The harm perpetrated by the state of Australia against it Indigenous peoples has been structured, prolonged, and driven by race. In this paper, we conceptualize this harm and how it has been denied (and particularly how race has affected this harm and its denial). Although transitional justice literature has not traditionally been applied to an established democracy like Australia, we demonstrate why it is appropriate to apply transitional justice practices to the relationship between the Australian state and Indigenous peoples, and what transitional justice practices might provide in the Australian case. In particular, we argue that a transitional justice framework may allow Indigenous voices to name the harm inflicted on them, and position the state as acknowledging the harm that they have perpetrated – bringing a fundamentally new relationship between the state and Indigenous peoples.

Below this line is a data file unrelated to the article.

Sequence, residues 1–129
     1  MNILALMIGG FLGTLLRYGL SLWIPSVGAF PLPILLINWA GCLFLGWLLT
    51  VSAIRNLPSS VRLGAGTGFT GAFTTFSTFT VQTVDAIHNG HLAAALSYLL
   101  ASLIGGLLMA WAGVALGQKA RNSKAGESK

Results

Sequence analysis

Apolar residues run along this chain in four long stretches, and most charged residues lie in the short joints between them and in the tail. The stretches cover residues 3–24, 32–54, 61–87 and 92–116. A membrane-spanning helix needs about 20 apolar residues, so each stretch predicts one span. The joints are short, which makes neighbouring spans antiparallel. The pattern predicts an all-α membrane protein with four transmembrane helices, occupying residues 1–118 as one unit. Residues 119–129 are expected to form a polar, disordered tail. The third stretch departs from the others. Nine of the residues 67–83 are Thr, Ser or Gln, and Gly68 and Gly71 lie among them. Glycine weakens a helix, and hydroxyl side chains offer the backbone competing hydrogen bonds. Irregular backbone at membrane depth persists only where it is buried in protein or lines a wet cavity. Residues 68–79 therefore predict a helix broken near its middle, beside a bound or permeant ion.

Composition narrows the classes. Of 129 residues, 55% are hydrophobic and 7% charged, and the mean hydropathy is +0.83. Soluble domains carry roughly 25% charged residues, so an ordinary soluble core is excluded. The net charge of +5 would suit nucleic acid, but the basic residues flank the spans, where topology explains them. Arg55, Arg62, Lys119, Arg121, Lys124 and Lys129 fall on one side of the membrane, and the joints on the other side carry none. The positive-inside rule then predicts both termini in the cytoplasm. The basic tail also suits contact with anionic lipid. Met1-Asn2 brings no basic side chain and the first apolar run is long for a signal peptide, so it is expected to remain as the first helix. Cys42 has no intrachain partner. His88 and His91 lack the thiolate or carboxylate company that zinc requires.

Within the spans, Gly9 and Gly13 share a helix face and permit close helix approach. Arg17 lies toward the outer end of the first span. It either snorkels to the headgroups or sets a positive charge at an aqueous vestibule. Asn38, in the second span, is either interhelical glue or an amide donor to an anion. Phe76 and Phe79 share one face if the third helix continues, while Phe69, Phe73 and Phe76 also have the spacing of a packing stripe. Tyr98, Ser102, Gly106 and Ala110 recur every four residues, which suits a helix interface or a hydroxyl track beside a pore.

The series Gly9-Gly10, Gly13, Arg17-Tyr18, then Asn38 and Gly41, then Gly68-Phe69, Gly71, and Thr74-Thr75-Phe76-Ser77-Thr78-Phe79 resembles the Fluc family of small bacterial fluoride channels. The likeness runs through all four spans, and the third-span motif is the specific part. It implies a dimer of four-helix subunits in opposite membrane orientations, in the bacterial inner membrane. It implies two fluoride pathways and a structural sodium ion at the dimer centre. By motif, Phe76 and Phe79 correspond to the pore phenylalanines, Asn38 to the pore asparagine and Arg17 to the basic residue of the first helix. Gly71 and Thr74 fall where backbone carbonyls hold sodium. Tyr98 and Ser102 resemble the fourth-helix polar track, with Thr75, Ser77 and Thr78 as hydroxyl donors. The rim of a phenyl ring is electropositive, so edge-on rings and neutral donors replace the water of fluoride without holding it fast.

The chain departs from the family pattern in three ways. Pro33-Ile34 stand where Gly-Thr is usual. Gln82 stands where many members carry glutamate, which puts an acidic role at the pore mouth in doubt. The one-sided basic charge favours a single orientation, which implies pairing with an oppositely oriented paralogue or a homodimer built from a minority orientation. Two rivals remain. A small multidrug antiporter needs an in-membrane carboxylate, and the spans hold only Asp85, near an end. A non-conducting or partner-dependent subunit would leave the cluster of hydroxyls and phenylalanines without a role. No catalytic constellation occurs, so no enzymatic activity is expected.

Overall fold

- Indigenous Peoples
- Transitional Justice
McMillan, M., & Rigney, S. (2018). Race, reconciliation and justice in Australia: from denial to acknowledgment. Ethnic and Racial Studies, 41(4), 759-777. https://doi.org/10.1080/01419870.2017.1340653